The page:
Glastonbury Abbey’s Lady Chapel, crypt and galilee need urgent conservation to prevent crumbling away of fragile medieval stonework.
The new Rescue Our Ruins Appeal has been launched to find the funds to preserve this unique and beautiful building for future generations.
The Lady Chapel is one of three areas which will benefit from the Abbey’s appeal, launched last month, to raise £500,000 for major conservation and visitor enhancement projects.
To date just over £2,000 has been raised and Janet Bell, acting director said: “The response in a matter of weeks has been very encouraging. To have raised this money in just a short space of time is an achievement and we are very grateful to everyone who has donated and given us their support. We are now hoping shops and organisations will take a collection box or offer sponsorship and we are planning more fund-raising events to help further.”
The money raised will fund work in the following areas:
The Lady Chapel is of national importance, says Janet, it is the earliest standing building on the site and was the first to be rebuilt after the Great Fire of 1184.
She said: “NormallyLady Chapels, so called because they are dedicated to the Blessed Virgin Mary, are located at the east end of the church. Glastonbury has an unusual layout as the Lady Chapel is located at the West end. “It was one of the most venerated places in the abbey. It is thought that the chapel was served by its own monks with their own set of services and open for pilgrims to use.
“The building is very unusual as it is essentially a Romanesque structure built at a time when Gothic architecture was really taking hold in Britain and the monks and masons would have been quite familiar with buildings in Gothic style – such as Wells Cathedral..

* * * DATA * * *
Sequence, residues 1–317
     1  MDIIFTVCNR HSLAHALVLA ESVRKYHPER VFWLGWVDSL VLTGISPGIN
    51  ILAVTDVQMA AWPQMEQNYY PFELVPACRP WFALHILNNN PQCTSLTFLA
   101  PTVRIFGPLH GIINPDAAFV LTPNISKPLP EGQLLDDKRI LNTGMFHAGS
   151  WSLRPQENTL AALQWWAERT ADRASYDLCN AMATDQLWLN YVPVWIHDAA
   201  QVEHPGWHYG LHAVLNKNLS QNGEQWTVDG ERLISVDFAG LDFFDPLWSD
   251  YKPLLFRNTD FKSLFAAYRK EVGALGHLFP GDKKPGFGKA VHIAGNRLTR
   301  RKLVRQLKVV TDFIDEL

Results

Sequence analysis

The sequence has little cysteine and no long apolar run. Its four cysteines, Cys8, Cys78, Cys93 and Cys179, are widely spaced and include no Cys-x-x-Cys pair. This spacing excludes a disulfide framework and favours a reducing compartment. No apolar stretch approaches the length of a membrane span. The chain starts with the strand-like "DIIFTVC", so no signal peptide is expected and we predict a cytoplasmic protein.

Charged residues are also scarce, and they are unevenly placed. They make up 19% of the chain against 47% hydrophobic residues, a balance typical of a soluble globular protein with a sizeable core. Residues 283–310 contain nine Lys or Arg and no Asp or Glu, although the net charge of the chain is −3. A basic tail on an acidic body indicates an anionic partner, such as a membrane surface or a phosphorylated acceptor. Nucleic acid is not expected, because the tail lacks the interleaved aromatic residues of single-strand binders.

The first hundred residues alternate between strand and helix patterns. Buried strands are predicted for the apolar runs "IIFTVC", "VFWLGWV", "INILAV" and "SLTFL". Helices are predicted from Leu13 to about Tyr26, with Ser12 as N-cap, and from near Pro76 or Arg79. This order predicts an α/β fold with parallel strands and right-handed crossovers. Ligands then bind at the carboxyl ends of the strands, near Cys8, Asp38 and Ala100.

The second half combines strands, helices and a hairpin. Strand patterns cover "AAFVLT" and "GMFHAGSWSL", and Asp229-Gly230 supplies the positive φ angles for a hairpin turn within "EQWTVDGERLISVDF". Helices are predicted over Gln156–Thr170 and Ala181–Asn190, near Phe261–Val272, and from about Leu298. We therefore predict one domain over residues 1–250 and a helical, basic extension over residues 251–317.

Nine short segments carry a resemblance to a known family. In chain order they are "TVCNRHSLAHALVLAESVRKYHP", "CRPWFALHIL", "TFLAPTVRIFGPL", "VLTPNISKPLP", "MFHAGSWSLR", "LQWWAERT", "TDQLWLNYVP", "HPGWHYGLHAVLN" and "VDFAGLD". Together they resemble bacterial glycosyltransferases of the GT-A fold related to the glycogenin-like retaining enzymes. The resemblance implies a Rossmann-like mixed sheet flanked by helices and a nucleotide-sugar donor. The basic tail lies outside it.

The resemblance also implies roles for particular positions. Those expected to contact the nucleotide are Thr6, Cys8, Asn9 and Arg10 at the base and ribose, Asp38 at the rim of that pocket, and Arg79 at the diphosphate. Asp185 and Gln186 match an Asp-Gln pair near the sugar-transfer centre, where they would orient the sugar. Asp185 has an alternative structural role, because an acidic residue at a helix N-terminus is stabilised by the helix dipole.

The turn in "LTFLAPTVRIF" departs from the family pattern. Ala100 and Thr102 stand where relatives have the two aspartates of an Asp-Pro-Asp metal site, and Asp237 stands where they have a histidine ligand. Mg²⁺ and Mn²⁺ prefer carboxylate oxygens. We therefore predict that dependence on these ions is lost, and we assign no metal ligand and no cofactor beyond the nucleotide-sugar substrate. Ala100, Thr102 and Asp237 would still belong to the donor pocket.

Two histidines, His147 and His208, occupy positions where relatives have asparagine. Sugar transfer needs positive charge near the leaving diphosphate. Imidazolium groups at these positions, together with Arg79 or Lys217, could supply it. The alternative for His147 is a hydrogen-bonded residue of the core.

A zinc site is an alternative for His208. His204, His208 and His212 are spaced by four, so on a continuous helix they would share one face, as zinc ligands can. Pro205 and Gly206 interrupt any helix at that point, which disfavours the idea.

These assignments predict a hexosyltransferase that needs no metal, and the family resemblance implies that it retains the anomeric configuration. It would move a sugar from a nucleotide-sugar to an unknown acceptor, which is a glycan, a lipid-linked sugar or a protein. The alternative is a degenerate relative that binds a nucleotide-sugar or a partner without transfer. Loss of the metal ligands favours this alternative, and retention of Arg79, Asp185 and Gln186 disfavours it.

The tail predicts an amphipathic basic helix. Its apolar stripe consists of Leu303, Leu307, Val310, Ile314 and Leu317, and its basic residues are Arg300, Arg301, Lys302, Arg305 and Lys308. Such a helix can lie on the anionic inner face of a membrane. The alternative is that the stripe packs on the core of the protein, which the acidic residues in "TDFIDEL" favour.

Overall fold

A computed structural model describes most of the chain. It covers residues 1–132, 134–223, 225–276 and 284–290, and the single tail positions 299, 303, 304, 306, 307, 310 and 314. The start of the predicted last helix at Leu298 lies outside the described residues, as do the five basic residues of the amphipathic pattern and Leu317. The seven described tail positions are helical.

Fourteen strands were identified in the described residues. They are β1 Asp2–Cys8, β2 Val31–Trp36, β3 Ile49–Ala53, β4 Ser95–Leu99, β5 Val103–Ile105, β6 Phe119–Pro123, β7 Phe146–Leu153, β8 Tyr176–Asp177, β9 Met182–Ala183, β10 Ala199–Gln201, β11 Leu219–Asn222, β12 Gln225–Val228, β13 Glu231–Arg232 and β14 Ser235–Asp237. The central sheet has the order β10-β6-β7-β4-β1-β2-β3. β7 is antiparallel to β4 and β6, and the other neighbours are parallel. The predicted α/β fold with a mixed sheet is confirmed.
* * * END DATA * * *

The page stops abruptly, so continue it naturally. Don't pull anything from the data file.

“It seems that the Lady Chapel was deliberately rebuilt to look similar to the old church. Its form is similar to that of a casket or relic box.
“Clearly the monks wanted to maintain a difference between the early and later churches. Glastonbury was obsessed with its antiquity and wanted to commemorate the life and function of the Old Church.”
The building is a cocktail of different types of stone - mainly Doulting stone is used but this is the only building on site where there is architectural salvage from the previous building. This is shown by the use of paler Bath Stone, which was used in the Anglo–Saxon period.
Says Janet: “A lot of money was spent on the decoration of the interior of the building and it would have been richly decorated and very colourful.
“The evidence of wall painting is a rare survival and is extremely important because of its early date. Most of the surviving paint is on the band of intersecting arches above the lower wall arcading and can best be seen above the south doorway.
“The colours included white, yellow ochre, red, black, green and gold. The gold and ultramarine/blue (made from lapis lazuli imported from the mines of what is now Afghanistan) were the most costly. Evidence was found on the cusps inside each arch head of red/vermillion, blue/ultramarine.”
To find out more about the appeal visit www.rescueourruins.co.uk